PGA Championship

Southern Hills CC


The Loop

Speed Kills

The NFL Combine 40-yard dash curse is real and it is merciless

March 04, 2022

Thursday night, Baylor's Tyquan Thornton briefly seemed to have run the fastest 40-yard dash in the history of the NFL Combine. It was later corrected from 4.21 to 4.28, but it's still good for a top ten, and it's still ridiculous to watch:

But is it a good thing?

Or is he cursed?

Pardon the dramatic italics, but when you take a trip through the record books to see what has become of the fastest men in NFL history, it's not a pretty picture. Only a handful of men have done better than 4.30 in the combine 40 in the era of digital timing, and at the bottom of that superlative list is Fabian Washington, who ran a 4.29. His time turbo-boosted his draft stock, but after earning a first-round pick, his career was average at best, lasting just six years. (He only started more than half his team's games in four of those years.)

With his 4.28 run, Thornton joins a not-so-illustrious group. These are the men who share that time: Jacoby Ford, J.J. Nelson, Jalen Myrick, and DeMarcus Van Dyke. Ford was a wide receiver who only played three separate seasons and never made an impact before heading for Canada. Nelson stuck around the league for two years longer, but was similarly anonymous for a player with his speed. Myrick, a cornerback, was waived by three teams in two years. Van Dyke only started four games and was out of the league in three years.

The picture only gets a little rosier as you move to the 4.27 group. Tyrone Calico had a modestly solid rookie season, but was hurt by an illegal tackle and was out of the league within three years; Marquise Goodwin, who was also an elite long jumper, had one near-great season with the Bills, but otherwise never topped 450 receiving yards in a season. That brings us to our minor exception: Stanford Routt, who played for eight seasons and had a respectable career, mostly for the Raiders. But even Routt never made a Pro Bowl, and is probably best known today for a three-year $31.5 million contract he earned in 2011 from the Raiders that still looks like a terrible deal, since he was released a year later.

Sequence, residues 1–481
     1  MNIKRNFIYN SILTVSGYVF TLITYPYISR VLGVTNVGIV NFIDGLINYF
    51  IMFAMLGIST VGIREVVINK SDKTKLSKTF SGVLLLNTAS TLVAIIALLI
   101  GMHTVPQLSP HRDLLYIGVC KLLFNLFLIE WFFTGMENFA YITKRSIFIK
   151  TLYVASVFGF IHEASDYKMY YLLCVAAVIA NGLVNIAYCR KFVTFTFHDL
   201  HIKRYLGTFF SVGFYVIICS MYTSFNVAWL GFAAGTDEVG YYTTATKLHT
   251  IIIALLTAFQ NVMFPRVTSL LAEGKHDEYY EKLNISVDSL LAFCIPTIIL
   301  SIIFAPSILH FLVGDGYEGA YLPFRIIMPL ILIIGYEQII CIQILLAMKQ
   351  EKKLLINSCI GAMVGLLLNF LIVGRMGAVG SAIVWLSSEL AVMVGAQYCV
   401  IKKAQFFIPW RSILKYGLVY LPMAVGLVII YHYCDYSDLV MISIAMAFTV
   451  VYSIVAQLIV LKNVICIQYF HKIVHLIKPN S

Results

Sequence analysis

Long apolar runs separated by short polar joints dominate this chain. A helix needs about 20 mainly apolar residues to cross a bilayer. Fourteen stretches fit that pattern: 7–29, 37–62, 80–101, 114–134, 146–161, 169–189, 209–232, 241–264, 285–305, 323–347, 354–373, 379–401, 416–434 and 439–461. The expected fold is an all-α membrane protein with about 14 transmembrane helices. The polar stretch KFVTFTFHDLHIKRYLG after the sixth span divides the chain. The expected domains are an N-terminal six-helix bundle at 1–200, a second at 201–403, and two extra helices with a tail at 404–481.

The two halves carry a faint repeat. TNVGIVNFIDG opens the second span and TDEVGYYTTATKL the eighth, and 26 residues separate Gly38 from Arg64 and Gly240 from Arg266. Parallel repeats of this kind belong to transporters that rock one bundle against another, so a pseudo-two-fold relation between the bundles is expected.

The most recent 4.27 time was run by Henry Ruggs III in 2020, and...well, to say that has not gone great is a massive understatement.

Jerome Mathis and Dri Archer each rans times of 4.26, and Mathis managed to rack up just 80 receiving yards in three NFL seasons, while Archer never even got close to that total, earning just 23 receiving yards in his entire career.

In second place, we have the ultimate exception: Chris Johnson. Johnson ran a 4.24, and obviously went on to a brilliant career, rushing for 2,000 yards in 2009 and winning offensive player of the year, and making three Pro Bowls. Look, do we wish there wasn't this gigantic wrench in the curse argument? Sure, sure. But it's also the exception that proves the rule, because in a list of 12 of the fastest humans ever to enter the NFL, only one came anywhere close to greatness.

The other man who ran a 4.24 was Rondel Menendez, and after he tore his meniscus in his rookie preseason, he never played a game in the NFL.

Which brings us to no. 1 on the all-time list, the man we thought Thornton had unseated: John Ross. Ross ran a 4.22, earned the ninth overall pick and a four-year, $17.1 million contract...and had a rookie season so disappointing that his coach Marvin Lewis came under serious criticism. He briefly showed flashes of greatness in 2019, racking up 500 receiving yards in eight games, but suffered a shoulder injury that kept him out. Since then, he's been practically invisible.

So there's your evidence: If you're a speed demon even by NFL standards at the combine, you've got about a 6% chance of becoming a decent player. We're not saying Thornton is 100% cursed, but we are saying that Chris Olave should thank his lucky stars that his time got knocked back from 4.26 to 4.39.

At this point, why even go to the combine? The true alpha here, as always, is Bo Jackson, who refused an invitation to attend the '86 combine (it was called the "National Invitational Camp" then) and simply stayed at Auburn for an informal pro day...and ran a 4.13. At last check, things worked out pretty well for him.